Montana’s Outsized Service

Last week provided me a particularly noteworthy reminder of Montana’s outsized role in serving our nation

By Dillon Tabish

Montana is home to more than 91,000 veterans. The women and men who have served our country make up nearly 10 percent of our entire state population. That’s the second highest percentage in the nation.

Veterans Day is an opportunity for our country to pay special tribute to those who sacrificed for all of us. Last week provided me a particularly noteworthy reminder of Montana’s outsized role in serving our nation.

On Nov. 1, the CIA released hundreds of thousands of files recovered during the May 2011 raid on Osama bin Laden’s compound in Pakistan. The material, made public for the first time, provides unique insight into the terrorist organization that attacked America on Sept. 11, 2001 and the man largely responsible for orchestrating the attack.

But the material itself wasn’t what rose to the forefront of my mind; it was how two Montanans played pivotal roles in hunting al Qaeda and eventually taking down bin Laden.

Nada Bakos, née Glass, grew up in Denton, then a town of roughly 500 east of Great Falls. She was one of nine students in her high school graduating class. Bakos attended Montana State University before graduating and eventually moving to Washington, D.C. to work for the CIA. Bakos quickly rose through the agency’s ranks and landed on the front lines of America’s war on terrorism. Bakos’ primary mission was to find the so-called godfather of ISIS and the mastermind of al Qaida: Abu Musab al-Zarqawi. She belonged to a “small yet dedicated sisterhood leading U.S. Special Operations Forces to the doorstep of one of the world’s most wanted terrorists,” according to a description of her forthcoming book, titled “The Targeter: My Life in the CIA, on the Hunt for the Godfather of ISIS.”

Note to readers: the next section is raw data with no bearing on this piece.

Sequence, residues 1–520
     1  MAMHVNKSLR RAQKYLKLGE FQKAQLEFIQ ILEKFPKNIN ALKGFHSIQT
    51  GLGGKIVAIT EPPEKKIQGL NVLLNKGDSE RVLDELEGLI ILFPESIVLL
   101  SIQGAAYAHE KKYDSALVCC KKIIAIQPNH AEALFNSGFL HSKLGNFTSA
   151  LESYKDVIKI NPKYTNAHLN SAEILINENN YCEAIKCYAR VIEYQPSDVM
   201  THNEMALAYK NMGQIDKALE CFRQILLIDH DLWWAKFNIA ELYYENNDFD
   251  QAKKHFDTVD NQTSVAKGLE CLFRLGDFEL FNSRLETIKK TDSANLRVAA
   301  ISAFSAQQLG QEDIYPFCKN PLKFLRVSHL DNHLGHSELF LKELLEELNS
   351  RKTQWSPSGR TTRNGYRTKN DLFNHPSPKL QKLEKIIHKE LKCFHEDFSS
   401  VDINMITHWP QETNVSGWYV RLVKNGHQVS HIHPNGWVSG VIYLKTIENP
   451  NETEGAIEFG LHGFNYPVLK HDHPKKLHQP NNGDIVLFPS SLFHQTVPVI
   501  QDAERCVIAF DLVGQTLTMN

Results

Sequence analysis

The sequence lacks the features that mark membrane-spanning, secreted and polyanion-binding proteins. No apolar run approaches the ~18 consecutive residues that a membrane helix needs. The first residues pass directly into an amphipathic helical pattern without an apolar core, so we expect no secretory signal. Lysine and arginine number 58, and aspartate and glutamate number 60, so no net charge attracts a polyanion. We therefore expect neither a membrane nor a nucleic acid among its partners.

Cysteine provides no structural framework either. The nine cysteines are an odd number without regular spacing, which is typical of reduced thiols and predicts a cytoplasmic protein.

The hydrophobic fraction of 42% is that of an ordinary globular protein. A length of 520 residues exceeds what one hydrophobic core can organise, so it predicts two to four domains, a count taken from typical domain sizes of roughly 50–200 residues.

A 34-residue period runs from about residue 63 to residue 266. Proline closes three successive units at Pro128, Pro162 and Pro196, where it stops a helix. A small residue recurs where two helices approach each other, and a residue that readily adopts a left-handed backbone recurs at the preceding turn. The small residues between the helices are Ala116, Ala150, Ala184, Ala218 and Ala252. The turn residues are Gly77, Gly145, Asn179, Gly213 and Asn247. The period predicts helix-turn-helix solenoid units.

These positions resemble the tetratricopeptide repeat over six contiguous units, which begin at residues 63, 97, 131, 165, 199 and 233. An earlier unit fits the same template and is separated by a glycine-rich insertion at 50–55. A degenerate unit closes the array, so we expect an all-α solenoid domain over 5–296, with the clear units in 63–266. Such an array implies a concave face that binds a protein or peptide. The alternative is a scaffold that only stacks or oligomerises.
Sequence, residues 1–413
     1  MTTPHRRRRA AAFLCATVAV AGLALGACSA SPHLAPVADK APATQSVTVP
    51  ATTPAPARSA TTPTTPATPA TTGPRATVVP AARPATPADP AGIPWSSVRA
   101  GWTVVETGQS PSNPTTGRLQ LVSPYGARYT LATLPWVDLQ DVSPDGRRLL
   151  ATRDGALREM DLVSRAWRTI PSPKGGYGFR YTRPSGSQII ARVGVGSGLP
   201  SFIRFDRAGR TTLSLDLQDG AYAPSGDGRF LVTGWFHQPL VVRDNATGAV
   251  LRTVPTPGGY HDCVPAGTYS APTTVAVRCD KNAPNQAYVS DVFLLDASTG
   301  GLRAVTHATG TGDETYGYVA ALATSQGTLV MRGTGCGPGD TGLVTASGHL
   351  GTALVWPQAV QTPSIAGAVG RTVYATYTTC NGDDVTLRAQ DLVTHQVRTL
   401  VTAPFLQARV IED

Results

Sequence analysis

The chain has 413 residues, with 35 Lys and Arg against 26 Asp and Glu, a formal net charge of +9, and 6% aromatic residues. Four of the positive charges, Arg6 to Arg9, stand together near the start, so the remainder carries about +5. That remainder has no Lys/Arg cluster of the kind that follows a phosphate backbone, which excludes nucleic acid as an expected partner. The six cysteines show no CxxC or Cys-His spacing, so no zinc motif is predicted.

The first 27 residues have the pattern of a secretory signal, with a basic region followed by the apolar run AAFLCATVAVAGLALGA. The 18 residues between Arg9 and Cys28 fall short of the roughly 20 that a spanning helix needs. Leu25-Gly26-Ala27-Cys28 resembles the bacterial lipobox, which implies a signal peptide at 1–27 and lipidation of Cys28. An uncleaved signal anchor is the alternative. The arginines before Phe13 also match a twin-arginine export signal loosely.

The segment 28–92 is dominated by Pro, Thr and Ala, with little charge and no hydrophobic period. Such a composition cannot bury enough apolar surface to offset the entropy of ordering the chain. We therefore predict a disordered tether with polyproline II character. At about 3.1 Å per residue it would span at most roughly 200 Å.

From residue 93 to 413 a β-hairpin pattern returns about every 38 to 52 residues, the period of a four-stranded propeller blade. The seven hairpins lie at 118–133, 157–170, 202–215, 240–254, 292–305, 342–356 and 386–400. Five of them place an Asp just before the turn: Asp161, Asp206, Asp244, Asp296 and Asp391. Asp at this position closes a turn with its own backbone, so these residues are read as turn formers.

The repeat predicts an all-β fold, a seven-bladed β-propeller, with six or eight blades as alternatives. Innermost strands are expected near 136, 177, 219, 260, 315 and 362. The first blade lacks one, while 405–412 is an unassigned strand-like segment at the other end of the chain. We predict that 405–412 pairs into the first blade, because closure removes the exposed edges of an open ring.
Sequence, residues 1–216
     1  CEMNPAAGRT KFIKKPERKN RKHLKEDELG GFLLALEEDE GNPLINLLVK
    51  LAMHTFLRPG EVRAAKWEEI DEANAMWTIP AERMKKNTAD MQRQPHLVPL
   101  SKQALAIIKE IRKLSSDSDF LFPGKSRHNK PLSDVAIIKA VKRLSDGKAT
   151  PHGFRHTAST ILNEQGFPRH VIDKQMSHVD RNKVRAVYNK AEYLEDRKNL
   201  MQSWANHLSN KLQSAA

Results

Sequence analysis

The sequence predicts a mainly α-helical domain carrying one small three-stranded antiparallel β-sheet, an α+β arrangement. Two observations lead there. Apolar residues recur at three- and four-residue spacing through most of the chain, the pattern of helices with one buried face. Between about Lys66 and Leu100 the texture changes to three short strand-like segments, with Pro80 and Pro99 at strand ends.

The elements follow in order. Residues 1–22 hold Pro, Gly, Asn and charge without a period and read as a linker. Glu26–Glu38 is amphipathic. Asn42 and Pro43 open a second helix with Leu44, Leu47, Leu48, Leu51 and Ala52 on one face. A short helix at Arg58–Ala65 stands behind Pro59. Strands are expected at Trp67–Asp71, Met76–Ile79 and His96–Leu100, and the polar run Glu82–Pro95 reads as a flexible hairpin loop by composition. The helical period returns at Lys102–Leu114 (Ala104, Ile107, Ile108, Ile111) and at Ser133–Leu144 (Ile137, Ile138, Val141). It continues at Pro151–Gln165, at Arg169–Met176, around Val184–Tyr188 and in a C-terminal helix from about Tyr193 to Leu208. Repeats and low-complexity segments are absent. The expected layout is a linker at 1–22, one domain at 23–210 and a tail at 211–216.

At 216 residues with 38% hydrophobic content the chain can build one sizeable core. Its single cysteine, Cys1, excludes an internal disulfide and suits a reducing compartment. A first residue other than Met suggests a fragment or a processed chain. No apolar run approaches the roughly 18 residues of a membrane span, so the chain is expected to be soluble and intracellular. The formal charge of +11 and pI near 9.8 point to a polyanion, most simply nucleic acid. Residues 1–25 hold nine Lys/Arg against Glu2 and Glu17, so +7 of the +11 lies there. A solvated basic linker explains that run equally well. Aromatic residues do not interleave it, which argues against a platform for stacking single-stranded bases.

Bakos and her team discovered a critical piece of information along the way by identifying bin Laden’s courier. This became a turning point for the U.S. intelligence community and it led to the discovery and eventual raid on bin Laden’s compound in May 2011.

This is when and where another Montanan stepped in.

Robert O’Neill was born and raised in Butte. After graduating from Butte Central Catholic High School, he joined the U.S. Navy. He became a member of the elite Navy SEALs and was involved in hundreds of missions, including the rescue of Captain Richard Phillips from Somali pirates, which was dramatized in the movie, “Captain Phillips.”

In May 2011, O’Neill and his fellow SEALs flew into Pakistan under the cover of night. Three years later, O’Neill publicly identified himself as the person who shot and killed bin Laden during the raid.

The historic incident was dramatized in the film, “Zero Dark Thirty,” and its main protagonist, Maya, was reportedly a composite based on several women in the CIA who had devoted several years to hunting bin Laden.

Bakos left the CIA in 2010 and her book is scheduled to be published in early 2018, pending CIA approval.

O’Neill left the U.S. Navy in 2012 and is the recipient of numerous honors, including two Silver Stars and four Bronze Stars with Valor. Earlier this year, he published his book, “The Operator: Firing the Shots That Killed Osama Bin Laden and My Years As A SEAL Team Warrior.” He co-founded Your Grateful Nation, a nonprofit organization devoted to helping special operations veterans transition from military service.

For a relatively small state like this, the stories of Bakos and O’Neill are an amazing coincidence and help illustrate the many ways Montanans serve their country.

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